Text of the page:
A future Barbara Jordan II development could provide him the chance to get an apartment and regain some of his independence, he said.
“I want to live by myself,” he said.
During the meeting, attendees were asked to work together in groups and list their priorities for the Barbara Jordan II redevelopment.
Most groups agreed that increasing the number of available units was their top priority.
Redeveloping Barbara Jordan II will restore a sense of community, a sense of love and a sense of hope to the neighborhood, said Sen. Harold Metts, D-Providence, who attended Monday night’s meeting.
“People need a decent place to live,” he said. “They need a nice environment for their families.”
Updated: Jun 2, 2019 at 12:18 AM
Advocates with Direct Action for Rights and Equality, a Providence nonprofit advocating for renters and low-income residents, say they are concerned with how the redevelopment is being handled.
“What we want is all 74 apartments brought back at a low- and very-low-income level,” said Malchus Mills, vice chairman of the board of Direct Action for Rights and Equality (DARE). “We need these apartments to be affordable for those that are making anywhere from $25,000 to $32,000 per year.”
In April, members of the organization sent a letter to Rhode Island Housing, which is overseeing the redevelopment of Barbara Jordan II, demanding that all the units be replaced and made affordable for tenants earning $25,000 a year or less; that Providence-based women- and minority-owned contractors be used in construction; and that the apartments and land remain affordable on a long-term basis.
The group also asked Rhode Island Housing to release a draft of the request for proposals for public comment and revision before finalizing it, and asked that at least three neighborhood residents be allowed to hold decision-making positions on the committee that will consider and select winning applications from developers.
In a response letter, Rhode Island Housing said that the selected developer would make the 74 apartments affordable for residents earning 80 percent or less of the area median income as defined by the U.S. Department of Housing and Urban Development, which is $64,250 for a family of four.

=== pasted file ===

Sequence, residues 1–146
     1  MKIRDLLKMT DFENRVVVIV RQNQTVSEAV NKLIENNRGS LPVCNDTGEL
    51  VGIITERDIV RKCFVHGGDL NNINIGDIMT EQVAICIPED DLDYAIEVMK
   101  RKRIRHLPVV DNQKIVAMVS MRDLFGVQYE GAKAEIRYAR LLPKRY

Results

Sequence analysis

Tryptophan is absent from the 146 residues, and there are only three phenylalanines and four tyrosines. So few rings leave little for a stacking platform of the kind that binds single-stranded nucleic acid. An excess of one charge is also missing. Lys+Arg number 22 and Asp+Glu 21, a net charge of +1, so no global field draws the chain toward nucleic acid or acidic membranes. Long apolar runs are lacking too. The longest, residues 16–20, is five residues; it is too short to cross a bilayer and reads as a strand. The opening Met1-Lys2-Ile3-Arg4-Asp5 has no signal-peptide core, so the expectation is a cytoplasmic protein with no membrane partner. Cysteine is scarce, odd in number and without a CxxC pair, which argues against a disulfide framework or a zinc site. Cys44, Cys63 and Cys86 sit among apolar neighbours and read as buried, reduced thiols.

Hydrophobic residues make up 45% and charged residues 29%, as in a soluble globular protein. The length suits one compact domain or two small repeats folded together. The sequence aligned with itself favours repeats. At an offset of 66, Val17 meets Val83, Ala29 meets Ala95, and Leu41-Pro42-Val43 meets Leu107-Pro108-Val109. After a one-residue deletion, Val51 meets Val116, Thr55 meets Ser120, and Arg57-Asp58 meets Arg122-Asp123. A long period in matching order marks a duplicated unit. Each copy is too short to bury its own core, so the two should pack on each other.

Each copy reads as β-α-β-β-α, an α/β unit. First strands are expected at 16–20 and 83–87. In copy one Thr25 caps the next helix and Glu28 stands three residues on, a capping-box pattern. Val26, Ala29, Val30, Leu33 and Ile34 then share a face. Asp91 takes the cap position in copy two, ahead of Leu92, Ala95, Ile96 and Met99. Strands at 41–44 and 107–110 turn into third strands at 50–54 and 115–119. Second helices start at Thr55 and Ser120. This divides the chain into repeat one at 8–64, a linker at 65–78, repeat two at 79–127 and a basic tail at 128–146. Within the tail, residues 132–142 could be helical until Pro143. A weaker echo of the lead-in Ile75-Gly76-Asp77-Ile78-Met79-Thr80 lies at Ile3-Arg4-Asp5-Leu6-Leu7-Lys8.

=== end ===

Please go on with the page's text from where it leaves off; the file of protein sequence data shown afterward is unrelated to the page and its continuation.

In its letter, Rhode Island Housing also wrote that developers would be incentivized to commit to an affordability period of longer than 30 years for the development, and that 10 percent of the work would be awarded to women- and minority-owned businesses. The housing agency said it would not provide a draft of the request for proposals for review before the release of the final version and did not agree to DARE’s request to have three neighborhood residents on the decision-making committee.
Christopher Samih-Rotondo, a community organizer with DARE, said the group was not satisfied with Rhode Island Housing’s response.
The agency recently concluded a public-engagement process, led by the Chicago-based consulting firm Camiros, to seek community input about the property’s redevelopment.
But despite the public-engagement process, some residents say they still fear their concerns aren’t being taken seriously.
“We are the community, we’re the ones who’ve been here since day one,” said Magelia Perez, an organizer with DARE, through a bullhorn as she stood outside the vacant yet colorfully painted houses that make up the Barbara Jordan II project. “And they’re slowly but surely trying to push us out.”
On Twitter: @madeleine_list
Posted Aug 17, 2017 at 1:08 PM
Updated Aug 17, 2017 at 2:36 PM
PROVIDENCE, R.I. — Commerce Secretary Stefan Pryor on Thursday morning lauded a vote by the Rhode Island Housing Board of Commissioners to approve final financing for the Lippitt Mill Apartments development in West Warwick.